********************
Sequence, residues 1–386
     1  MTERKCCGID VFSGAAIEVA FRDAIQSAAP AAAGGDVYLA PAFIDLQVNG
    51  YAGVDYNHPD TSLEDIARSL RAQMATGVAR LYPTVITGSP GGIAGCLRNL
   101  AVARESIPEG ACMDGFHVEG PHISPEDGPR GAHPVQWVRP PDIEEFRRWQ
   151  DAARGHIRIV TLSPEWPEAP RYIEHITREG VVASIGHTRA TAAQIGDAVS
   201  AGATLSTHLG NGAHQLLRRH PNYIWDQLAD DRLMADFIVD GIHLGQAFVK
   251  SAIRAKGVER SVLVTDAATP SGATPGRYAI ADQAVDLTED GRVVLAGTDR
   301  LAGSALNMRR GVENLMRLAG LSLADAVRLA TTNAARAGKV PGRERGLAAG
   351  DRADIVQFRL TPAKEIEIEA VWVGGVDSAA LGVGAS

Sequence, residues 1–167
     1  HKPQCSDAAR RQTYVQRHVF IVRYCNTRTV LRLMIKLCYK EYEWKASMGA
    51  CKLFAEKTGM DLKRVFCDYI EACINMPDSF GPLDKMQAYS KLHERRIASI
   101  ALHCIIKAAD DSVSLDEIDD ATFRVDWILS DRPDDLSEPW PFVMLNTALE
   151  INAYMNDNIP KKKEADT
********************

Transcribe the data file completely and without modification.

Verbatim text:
Sequence, residues 1–386
     1  MTERKCCGID VFSGAAIEVA FRDAIQSAAP AAAGGDVYLA PAFIDLQVNG
    51  YAGVDYNHPD TSLEDIARSL RAQMATGVAR LYPTVITGSP GGIAGCLRNL
   101  AVARESIPEG ACMDGFHVEG PHISPEDGPR GAHPVQWVRP PDIEEFRRWQ
   151  DAARGHIRIV TLSPEWPEAP RYIEHITREG VVASIGHTRA TAAQIGDAVS
   201  AGATLSTHLG NGAHQLLRRH PNYIWDQLAD DRLMADFIVD GIHLGQAFVK
   251  SAIRAKGVER SVLVTDAATP SGATPGRYAI ADQAVDLTED GRVVLAGTDR
   301  LAGSALNMRR GVENLMRLAG LSLADAVRLA TTNAARAGKV PGRERGLAAG
   351  DRADIVQFRL TPAKEIEIEA VWVGGVDSAA LGVGAS

Sequence, residues 1–167
     1  HKPQCSDAAR RQTYVQRHVF IVRYCNTRTV LRLMIKLCYK EYEWKASMGA
    51  CKLFAEKTGM DLKRVFCDYI EACINMPDSF GPLDKMQAYS KLHERRIASI
   101  ALHCIIKAAD DSVSLDEIDD ATFRVDWILS DRPDDLSEPW PFVMLNTALE
   151  INAYMNDNIP KKKEADT